Cryptographic protocols form the backbone of our digital society. Unfortunately, the security of numerous critical components has been neglected. As a consequence, attacks have resulted in financial loss, violations of personal privacy, and threats to democracy. This thesis aids the secure design of cryptographic protocols and facilitates the evaluation of existing schemes.
Developing a secure cryptographic protocol is game-like in nature, and a good designer will consider attacks against key components. Unlike games, however, an adversary is not governed by the rules and may deviate from expected behaviours. Secure cryptographic protocols are therefore notoriously difficult to define. Accordingly, cryptographic protocols must be scrutinised by experts using procedures that can evaluate security properties.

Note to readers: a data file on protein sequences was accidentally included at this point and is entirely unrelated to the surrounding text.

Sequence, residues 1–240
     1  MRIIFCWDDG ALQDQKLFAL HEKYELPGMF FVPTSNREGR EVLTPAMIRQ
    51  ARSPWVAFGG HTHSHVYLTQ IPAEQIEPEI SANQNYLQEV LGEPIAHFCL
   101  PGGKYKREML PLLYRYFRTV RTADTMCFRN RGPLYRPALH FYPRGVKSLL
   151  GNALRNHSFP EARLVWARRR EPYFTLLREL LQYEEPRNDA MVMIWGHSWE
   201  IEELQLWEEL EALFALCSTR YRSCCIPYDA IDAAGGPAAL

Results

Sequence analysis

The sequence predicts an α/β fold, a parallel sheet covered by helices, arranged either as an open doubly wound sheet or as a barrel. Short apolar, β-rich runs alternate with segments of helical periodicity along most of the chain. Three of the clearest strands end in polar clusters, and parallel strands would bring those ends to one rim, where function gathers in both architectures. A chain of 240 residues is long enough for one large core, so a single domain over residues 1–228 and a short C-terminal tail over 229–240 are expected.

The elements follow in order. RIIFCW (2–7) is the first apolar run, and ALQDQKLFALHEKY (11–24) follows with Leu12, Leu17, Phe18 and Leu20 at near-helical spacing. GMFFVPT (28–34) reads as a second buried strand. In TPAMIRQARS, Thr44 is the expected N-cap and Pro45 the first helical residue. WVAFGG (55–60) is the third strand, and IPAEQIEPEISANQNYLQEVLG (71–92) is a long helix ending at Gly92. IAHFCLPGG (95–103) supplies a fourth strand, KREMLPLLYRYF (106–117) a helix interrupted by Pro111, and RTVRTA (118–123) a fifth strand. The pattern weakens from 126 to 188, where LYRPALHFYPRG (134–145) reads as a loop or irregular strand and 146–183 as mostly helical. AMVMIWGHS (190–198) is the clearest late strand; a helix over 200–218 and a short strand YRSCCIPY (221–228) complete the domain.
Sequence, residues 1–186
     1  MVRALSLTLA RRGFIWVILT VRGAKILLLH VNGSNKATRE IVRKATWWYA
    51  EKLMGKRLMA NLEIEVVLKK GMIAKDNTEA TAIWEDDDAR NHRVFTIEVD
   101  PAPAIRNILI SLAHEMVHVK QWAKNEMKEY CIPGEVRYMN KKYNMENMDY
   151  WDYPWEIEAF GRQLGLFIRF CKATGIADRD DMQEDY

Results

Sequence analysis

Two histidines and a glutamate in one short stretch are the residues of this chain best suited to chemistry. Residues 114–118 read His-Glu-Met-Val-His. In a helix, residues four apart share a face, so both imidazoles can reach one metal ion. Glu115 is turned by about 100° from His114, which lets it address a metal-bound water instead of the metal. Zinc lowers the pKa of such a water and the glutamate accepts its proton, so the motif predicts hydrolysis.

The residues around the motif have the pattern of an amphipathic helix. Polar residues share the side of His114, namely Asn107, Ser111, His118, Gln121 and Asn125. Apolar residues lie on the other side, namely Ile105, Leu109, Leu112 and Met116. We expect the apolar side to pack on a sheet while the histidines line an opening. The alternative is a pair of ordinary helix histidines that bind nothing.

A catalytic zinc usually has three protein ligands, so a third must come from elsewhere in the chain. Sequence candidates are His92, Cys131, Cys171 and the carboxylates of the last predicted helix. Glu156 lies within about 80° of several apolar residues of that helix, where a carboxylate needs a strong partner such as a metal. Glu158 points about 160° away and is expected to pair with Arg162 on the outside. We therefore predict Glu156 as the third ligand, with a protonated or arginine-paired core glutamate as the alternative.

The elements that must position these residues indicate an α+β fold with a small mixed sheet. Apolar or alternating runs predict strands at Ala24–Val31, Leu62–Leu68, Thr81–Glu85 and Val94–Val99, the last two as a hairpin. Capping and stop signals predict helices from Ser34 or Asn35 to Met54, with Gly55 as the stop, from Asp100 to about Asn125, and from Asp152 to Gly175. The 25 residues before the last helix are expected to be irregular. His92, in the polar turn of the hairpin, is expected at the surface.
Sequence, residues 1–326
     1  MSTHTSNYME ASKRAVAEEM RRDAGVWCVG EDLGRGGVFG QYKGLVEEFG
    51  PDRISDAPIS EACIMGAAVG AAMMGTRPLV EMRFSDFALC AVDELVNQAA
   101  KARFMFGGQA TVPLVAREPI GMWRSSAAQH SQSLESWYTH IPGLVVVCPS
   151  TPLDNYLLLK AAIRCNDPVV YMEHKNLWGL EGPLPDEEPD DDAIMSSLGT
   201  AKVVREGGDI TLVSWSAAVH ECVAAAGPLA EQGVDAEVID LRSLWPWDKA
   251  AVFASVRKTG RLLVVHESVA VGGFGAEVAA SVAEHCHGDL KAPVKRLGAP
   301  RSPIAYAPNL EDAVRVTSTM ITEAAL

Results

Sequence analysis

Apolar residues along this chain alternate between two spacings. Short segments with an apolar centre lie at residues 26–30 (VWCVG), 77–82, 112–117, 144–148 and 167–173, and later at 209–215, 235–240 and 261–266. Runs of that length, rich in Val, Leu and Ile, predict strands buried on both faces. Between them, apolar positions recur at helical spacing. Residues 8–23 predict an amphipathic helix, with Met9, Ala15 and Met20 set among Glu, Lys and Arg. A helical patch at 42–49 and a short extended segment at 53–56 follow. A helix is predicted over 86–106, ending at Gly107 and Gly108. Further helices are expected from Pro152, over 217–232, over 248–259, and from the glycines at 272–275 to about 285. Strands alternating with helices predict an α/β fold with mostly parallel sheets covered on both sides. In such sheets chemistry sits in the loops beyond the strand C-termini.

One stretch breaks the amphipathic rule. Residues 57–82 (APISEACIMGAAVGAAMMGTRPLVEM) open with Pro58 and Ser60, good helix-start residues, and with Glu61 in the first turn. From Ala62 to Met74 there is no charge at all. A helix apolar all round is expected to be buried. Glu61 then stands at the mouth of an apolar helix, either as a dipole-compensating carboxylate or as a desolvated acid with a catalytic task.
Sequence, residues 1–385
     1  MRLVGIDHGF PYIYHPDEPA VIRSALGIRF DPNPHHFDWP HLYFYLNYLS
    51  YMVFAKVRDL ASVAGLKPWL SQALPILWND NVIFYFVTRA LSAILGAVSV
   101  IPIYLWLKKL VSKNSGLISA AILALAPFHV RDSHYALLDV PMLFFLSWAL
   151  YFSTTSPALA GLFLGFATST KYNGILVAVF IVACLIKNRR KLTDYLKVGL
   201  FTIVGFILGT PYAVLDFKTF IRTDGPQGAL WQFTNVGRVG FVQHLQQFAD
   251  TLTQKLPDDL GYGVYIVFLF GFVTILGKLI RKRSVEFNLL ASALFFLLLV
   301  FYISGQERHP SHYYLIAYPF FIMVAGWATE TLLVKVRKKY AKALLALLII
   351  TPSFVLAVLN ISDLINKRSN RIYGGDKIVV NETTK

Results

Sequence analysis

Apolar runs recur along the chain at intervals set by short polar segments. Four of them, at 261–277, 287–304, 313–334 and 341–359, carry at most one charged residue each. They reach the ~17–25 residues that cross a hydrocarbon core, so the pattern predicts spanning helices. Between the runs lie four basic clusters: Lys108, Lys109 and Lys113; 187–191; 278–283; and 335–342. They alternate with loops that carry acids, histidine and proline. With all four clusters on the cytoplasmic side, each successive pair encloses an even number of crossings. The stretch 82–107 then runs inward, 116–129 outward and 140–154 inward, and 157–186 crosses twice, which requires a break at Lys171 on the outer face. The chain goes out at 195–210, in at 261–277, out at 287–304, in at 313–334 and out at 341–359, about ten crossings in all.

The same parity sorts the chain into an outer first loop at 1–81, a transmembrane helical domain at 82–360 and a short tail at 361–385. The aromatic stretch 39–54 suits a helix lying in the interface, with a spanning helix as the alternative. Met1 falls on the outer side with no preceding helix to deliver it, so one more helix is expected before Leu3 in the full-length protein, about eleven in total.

This thesis advances verification techniques for cryptographic protocols using formal methods with an emphasis on automation. The key contributions are threefold. Firstly, a definition of election verifiability for electronic voting protocols is presented; secondly, a definition of user-controlled anonymity for Direct Anonymous Attestation is delivered; and, finally, a procedure to automatically evaluate observational equivalence is introduced.
This work enables security properties of cryptographic protocols to be studied. In particular, we evaluate security in electronic voting protocols and Direct Anonymous Attestation schemes; discovering, and fixing, a vulnerability in the RSA-based Direct Anonymous Attestation protocol. Ultimately, this thesis will help avoid the current situation whereby numerous cryptographic protocols are deployed and found to be insecure.